Editor's note: This article originally appeared in the October 1969 issue of Scientific American magazine. We are posting it to commemorate the 40th anniversary of Apollo 11's moon landing.
The success of the Apollo 11 mission in putting men on the moon and bringing them back safely with samples of lunar material marks the beginning of what promises to be a period of fruitful exploration of the moon by men and machines. The objective will be to answer a large number of questions about the origin and evolution of the moon, its geology, its chemical and physical structure and what light its history can shed on the history of other bodies in the solar system. Our purpose in this article is to discuss the major questions the coming manned expeditions to the moon will be taking up and to describe the techniques likely to be employed on such missions.
In an astronomical sense the moon is usually considered to be a satellite of the earth. From the viewpoint of planetary processes, however, the moon can be regarded as the smallest of the "terrestrial" planets (the others being the earth, Mars, Venus and Mercury). Because its distance from the sun is about equal to that of the earth, the moon is subject to external influences similar to those affecting the earth. The moon's smaller size, however, implies a history quite different from the earth's.
Most planet-wide processes result from internal sources of energy and the means of its dissipation. The amount of internal energy and the means of dissipation are dependent on the size of the planet. On the earth the dissipation of energy has been accompanied by the transport of volcanic fluids from the interior of the earth to the surface, by the long-term development of a light crust and a dense core and by large-scale movements of the earth's crust, mantle and core. These processes, together with erosion and the chemical interaction of materials on the surface with the atmosphere and the hydrosphere, continually destroy the earth's surface features. For example, even the largest volcanoes are leveled by erosion within a few million years after volcanic activity ceases. It is extremely unlikely that any of the earth's original surface features still exist unchanged. No examples are known, and almost certainly none will be found.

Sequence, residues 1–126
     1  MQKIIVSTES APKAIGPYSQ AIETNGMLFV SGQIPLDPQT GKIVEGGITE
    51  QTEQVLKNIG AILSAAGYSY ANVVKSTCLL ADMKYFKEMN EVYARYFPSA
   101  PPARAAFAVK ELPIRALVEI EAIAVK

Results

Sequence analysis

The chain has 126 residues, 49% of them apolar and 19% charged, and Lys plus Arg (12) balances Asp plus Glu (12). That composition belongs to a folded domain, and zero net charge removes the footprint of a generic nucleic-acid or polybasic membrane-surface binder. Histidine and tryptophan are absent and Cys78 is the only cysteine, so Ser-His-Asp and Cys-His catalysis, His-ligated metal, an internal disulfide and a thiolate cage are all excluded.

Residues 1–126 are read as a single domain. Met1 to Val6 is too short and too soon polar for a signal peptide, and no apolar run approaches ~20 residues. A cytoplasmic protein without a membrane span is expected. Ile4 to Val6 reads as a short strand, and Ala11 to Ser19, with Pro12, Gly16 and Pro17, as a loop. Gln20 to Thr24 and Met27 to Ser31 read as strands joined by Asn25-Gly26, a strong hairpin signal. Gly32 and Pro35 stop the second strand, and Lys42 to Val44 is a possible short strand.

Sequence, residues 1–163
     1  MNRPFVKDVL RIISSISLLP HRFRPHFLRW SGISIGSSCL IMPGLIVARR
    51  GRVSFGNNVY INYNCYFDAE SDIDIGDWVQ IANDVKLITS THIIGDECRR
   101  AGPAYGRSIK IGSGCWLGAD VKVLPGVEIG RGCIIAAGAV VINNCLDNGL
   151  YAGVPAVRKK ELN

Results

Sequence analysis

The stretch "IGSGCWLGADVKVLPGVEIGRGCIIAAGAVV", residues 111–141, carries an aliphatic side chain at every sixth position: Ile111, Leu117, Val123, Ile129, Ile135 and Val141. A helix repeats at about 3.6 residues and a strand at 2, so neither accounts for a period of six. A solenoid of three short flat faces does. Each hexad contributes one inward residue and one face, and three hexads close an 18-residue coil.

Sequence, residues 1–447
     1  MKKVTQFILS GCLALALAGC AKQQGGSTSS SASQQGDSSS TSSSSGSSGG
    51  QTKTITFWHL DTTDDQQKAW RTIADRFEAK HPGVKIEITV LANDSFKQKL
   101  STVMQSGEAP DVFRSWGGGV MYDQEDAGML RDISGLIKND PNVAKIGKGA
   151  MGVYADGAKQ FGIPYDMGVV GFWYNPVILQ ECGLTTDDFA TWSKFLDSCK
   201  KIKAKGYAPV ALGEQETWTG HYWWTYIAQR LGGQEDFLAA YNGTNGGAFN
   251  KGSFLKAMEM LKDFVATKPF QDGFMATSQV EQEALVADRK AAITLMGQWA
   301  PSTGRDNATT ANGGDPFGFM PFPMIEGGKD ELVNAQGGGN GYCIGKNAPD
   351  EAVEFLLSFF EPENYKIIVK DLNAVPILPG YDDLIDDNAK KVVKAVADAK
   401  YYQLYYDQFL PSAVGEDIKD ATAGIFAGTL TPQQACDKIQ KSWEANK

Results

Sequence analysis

It was once thought that many of the surface features of the moon date back to the moon's formation. The detailed views of the lunar surface provided by the photographs from the Lunar Orbiter space vehicles have somewhat diminished this possibility, because they indicate that erosion and other processes of change do take place on the moon. Preliminary analysis of the samples returned by Apollo 11 nonetheless indicates that the material is very old, perhaps three billion years old. The highlands may be even older. The possibility that some of the material lying on the lunar surface is chemically unchanged since the formation of the planet remains high.
The Major Questions
Fundamental scientific questions about the moon are often stated in terms of terrestrial characteristics, which are of course more familiar. In inquiring about the gross chemical and physical structure of the moon, for instance, one wonders if the moon is chemically and mineralogically differentiated as the earth is. The processes such as volcanism have occurred on the moon, what has been their history over long periods of time? Did the moon ever have an atmosphere? Have protobiological materials ever existed or evolved on the moon?